“The regulators are taking the lead in ensuring that the infrastructure is there for trade and payments,” says Nair. “This is for two reasons. The first is to drive efficiencies, and the second is to control risks. That is becoming very important when we start working remotely. We are used to working in a non-digital economy where people work in an office and you have signatures as the main point of authorisation. When you suddenly move away from that and you now have people sitting in three different places exchanging emails, the issue of trust comes to the fore. There are multiple parties in trade, so how do you create that trust among them? Digitisation is the only way.”

Making this digitisation a reality requires the involvement of more than just regulators and government bodies, but rather a concerted effort between every player along the chain.

“If Covid-19 has taught us anything it is that banks, clients, buyers and sellers need to be agile, and we need to be digital,” says Nair. “There has been a lot of drive recently to take paper out of trade, but it has been in pockets of success, and most of it was in proof of concepts. The pandemic has brought us all down to one common understanding, that we need to be connected now.” He adds that Standard Chartered has received a huge uptick in take-up of its digital channels by clients, which shows no sign of abating. “It’s a mindset change. This shift to digital is not temporary. It is going to be permanent. It has sparked something that will continue,” he adds.

Now, the focus is on building bridges between all of the disparate initiatives to weave together a fully digitised ecosystem. “Asean is a very complex region, and every country has its own regulations and agenda,” says Chong. “It is extremely positive that each of the regulators and central banks have got out their sandboxes and have been investing in technologies locally, but ultimately, it is about connecting everything together, which is what we are starting to see.”

Work is already underway. The Global Trade Connectivity Network (GTCN), a DLT-based cross-border open trade finance network, initially connects Hong Kong’s eTradeConnect and Singapore’s NTP.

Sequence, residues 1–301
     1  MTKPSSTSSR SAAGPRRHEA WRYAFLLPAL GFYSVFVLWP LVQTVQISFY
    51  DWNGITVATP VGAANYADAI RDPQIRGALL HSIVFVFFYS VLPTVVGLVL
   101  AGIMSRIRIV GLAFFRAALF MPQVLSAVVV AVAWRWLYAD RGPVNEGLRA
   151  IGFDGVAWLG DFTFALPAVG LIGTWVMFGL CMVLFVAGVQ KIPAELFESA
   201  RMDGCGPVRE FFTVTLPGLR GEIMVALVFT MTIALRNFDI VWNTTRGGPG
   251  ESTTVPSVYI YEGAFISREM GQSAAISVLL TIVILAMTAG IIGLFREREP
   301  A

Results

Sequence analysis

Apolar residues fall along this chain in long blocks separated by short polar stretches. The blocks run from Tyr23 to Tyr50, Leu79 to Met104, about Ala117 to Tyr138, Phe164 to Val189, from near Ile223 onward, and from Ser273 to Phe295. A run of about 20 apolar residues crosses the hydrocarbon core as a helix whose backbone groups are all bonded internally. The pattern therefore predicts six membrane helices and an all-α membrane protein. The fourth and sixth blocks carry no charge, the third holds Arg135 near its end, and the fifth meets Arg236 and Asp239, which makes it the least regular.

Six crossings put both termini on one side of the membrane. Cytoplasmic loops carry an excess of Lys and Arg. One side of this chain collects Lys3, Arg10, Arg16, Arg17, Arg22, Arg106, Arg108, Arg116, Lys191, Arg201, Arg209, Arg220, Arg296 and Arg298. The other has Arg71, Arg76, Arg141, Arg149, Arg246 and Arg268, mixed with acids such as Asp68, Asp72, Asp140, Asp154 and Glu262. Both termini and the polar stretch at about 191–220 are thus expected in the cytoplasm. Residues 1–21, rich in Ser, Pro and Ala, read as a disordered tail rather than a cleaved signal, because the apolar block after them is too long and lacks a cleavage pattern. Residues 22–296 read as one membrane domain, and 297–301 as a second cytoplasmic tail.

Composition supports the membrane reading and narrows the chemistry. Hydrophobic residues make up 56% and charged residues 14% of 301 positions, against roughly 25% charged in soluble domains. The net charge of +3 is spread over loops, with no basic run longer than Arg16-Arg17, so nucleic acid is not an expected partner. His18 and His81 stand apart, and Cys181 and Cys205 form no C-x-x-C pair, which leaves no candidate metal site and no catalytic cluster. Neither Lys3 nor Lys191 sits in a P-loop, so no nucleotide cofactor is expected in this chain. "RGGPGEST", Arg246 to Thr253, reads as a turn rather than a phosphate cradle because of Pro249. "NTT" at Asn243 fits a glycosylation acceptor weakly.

And because the GTCN is built on an open architecture, other countries across Asean are now gearing up to interconnect with their neighbours to make cross-border trade and trade financing safer, more efficient and cost-effective.

“This will be the game changer,” says Nair.


A more sustainable, resilient future

Another major trend emerging in Asean is that of sustainability in trade. Once seen as a nice to have, there is a growing realisation that, without sustainable practices, supply chains will not be resilient enough to withstand future shocks.

“We see sustainability ramping up in the next year or so,” says Chong. “Clients who are coming to us now are not simply asking for a sustainable supply chain finance programme, but they want to go as far as knowing how to reach out to where the source is, even down to the farmers. Every large organisation now has ESG goals to meet, and regulators in the region are really starting to drive this conversation further.”

The trade outlook for Asean – and indeed for the world – is far from positive over the near term. Over the longer term, however, there are many reasons for optimism. In spite of recent challenges, the region’s total trade with China has increased from 8.8% in 2010 to 13.4% in H1 2020, and bilateral trade between Asean and the major economies in Asia, Europe and the US is also expected to continue on a positive trajectory. With a solid commitment from banks, corporates and regulators alike to modernise trade, harness technology to build efficiencies, and operate sustainably, the region is well-prepared to take advantage of new opportunities in the months and years to come.